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Parliamentary Voting System and Constituencies Bill returns to the Commons

February 15, 2011 Leave a comment

So the Parliamentary Voting System and Constituencies Bill (always fun to type that, so I shall all it PVSC) returns to the Commons today.

MPs will debate the amendments made in the House of Lords. These include a 40% turnout threshold so that if less than 4 in 10 people vote, the result will not be binding.

In the second part of PVSC, which relates to the redrawing of constituency boundaries, the Lords want to change the margins that constituency size can vary by. The Government wanted this to be 5% either way—so that the Boundary Commission can create constituencies within 95% and 105% of the electoral quota. The Lords want to increase this to 15% (7.5% either way).

The Amendments to be put forward today—click here for a full list—indicate that the Government will oppose both of these.

Interestingly, the amendment paper shows that there will be a Government move to introduce two constituencies “in the Isle of Wight”. Original proposals had two constituencies for the Isle of Wight, but with one split between the island and the mainland. This was—rightly in my view—met with some opposition and the Lords wanted to maintain the current arrangements of having one, exceedingly large, constituency.

I suspect that this amendment will have support one side of the house. It will, in effect, create two Tory constituencies. Chris Bryant summed up the general feeling:

The Govt amendment on the isle of wight is pure gerrymandering, creating 2 small Tory seats. If geography matters there, why not everywhere?

In general, expect dissent from both backbenches.

Labour will oppose the plans to reduce the number of MPs and there are bound to be arguments about whether it is right to draw constituencies based on the number of registered voters. This is a crucial point as the numbers can change and MPs are not just the representatives of those people who are registered to vote.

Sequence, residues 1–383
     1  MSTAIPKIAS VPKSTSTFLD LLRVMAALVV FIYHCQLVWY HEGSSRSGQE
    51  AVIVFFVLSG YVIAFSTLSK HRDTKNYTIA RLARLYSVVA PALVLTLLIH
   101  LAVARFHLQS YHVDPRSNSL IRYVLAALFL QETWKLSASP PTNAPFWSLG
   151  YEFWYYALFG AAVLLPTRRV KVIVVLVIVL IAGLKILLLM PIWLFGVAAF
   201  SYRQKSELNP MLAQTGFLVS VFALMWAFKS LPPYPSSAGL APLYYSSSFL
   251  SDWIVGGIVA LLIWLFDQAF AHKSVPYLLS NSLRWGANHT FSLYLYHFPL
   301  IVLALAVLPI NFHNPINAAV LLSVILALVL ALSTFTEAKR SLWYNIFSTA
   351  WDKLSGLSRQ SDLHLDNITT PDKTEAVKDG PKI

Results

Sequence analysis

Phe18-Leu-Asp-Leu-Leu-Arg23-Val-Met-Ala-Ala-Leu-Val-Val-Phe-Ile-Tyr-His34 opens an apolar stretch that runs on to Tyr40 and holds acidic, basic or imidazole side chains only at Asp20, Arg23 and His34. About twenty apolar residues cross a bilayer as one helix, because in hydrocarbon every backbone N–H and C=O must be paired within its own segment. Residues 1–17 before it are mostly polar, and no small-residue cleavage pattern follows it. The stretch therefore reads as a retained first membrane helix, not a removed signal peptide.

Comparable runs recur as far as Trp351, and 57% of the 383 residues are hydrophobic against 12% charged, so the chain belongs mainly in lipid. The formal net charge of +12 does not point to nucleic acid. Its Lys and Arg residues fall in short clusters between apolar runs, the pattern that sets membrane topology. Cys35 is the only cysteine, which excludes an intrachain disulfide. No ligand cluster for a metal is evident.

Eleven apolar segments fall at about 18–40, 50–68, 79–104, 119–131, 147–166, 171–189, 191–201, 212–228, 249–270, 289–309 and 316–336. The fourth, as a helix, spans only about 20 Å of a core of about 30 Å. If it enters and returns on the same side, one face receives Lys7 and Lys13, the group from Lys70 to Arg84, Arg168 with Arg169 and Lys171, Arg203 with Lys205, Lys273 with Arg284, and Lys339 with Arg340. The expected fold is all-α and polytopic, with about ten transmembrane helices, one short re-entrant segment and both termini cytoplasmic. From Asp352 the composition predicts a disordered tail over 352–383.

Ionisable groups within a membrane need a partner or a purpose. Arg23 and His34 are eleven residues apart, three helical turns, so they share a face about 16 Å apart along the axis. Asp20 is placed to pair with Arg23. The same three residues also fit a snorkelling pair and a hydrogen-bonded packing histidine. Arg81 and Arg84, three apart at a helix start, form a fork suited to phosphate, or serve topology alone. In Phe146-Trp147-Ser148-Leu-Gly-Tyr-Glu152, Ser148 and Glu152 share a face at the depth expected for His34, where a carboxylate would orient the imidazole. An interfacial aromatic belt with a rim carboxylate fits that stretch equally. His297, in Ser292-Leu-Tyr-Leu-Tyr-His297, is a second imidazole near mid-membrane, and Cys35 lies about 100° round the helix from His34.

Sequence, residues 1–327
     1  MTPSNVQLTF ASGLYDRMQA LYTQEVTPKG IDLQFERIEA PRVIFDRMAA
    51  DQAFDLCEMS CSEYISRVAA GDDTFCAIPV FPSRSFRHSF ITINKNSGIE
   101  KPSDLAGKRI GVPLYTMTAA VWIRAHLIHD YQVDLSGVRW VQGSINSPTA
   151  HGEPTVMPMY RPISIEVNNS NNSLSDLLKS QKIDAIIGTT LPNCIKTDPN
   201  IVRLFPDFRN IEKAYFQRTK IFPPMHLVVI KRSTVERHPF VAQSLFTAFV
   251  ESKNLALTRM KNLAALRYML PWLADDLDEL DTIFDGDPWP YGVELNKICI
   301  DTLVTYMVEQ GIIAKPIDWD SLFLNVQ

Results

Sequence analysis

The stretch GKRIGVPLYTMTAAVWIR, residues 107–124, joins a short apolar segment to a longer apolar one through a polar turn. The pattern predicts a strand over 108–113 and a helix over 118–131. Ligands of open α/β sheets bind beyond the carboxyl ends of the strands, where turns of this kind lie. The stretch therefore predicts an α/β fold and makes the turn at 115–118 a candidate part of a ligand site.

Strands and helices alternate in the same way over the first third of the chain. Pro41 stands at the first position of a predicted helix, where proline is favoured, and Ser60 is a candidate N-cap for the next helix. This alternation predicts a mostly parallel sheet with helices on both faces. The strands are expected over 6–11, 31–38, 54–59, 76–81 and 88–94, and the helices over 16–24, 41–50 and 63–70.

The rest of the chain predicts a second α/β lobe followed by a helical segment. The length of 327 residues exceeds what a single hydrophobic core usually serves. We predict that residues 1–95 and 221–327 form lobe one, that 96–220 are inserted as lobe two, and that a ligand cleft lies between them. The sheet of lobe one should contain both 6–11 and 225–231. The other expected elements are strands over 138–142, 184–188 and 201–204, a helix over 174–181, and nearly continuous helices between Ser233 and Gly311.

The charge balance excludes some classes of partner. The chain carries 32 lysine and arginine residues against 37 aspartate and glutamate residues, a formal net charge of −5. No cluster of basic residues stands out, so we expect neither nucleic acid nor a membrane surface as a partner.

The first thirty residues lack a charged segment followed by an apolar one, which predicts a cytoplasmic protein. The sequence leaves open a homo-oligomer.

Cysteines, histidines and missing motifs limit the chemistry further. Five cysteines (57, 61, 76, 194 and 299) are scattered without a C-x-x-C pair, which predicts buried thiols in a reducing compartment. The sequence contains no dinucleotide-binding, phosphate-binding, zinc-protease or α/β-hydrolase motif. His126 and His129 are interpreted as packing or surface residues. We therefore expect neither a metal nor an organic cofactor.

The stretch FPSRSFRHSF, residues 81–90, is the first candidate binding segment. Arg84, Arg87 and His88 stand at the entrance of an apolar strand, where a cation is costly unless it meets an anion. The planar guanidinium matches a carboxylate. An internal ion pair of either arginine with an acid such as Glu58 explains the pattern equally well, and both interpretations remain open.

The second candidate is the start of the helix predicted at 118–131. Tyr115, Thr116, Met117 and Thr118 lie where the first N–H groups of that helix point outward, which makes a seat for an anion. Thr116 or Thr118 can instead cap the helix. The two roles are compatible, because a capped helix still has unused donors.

Both sides are also likely to be displeased with the programme motion that will take place before the debate. This will limit discussion of the Lords Amendments to just four hours.

But with the Government needing to get the PVSC passed before the close of play tomorrow, time is at a premium.

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Is Gerry Adams still an MP?

January 26, 2011 2 comments

Did Gerry Adams know just how much of a fuss it was going to cause when he decided to run for the Irish Parliament?

Adams, as the leader of Sinn Féin, has of course never sat in the Commons, despite being an elected Member, as he refuses to swear the Oath of Allegience to the Queen.

Adams could, if he chose to, remain an elected MP and serve in the Irish Parliament, but has expressed his reluctance to do so.

He wants to resign.

The problem is, MPs cannot resign.

Erskine May, the Parliamentary bible, sets out this long-standing rule:

“It is a settled principle of parliamentary law that a Member, after he is duly chosen, cannot relinquish his sit”

There are a few ways around this. Firstly, Adams could take the office of steward or bailiff of Her Majesty’s three Chiltern Hundreds of Stoke, Desborough and Burnham, or of the Manor of Northstead. These roles are purely nominal and can be given to any Member who applies to the Chancellor for them. Upon appointment, the Chancellor can then take away any Parliamentary privileges.

During Prime Minister’s Questions today, David Cameron seemed to suggest that Adams had taken on one of these rolls. However, Sinn Féin press releases countered this and when Nigel Dodds, leader of the DUP, asked a point of order for clarification, the deputy Speaker was unable to give a straight answer.

Applying for these positions would be an odd step for Adams, as he would have a position bequeathed to him by the British Government.

The other options are that he could be appointed to the House of Lords – which of course is highly unlikely.

The more entertaining option is that Adams could turn up at Parliament and try to vote. As he has not sworn the Oath, he would be ejected from the Commons and have his membership revoked (he would be treated as if he were dead).

This could create some great pictures.

Adams will undoubtably want to solve this problem before the Irish General Election, whenever that may be. But for now, it seems that he remains a Member of Parliament – list of MPs.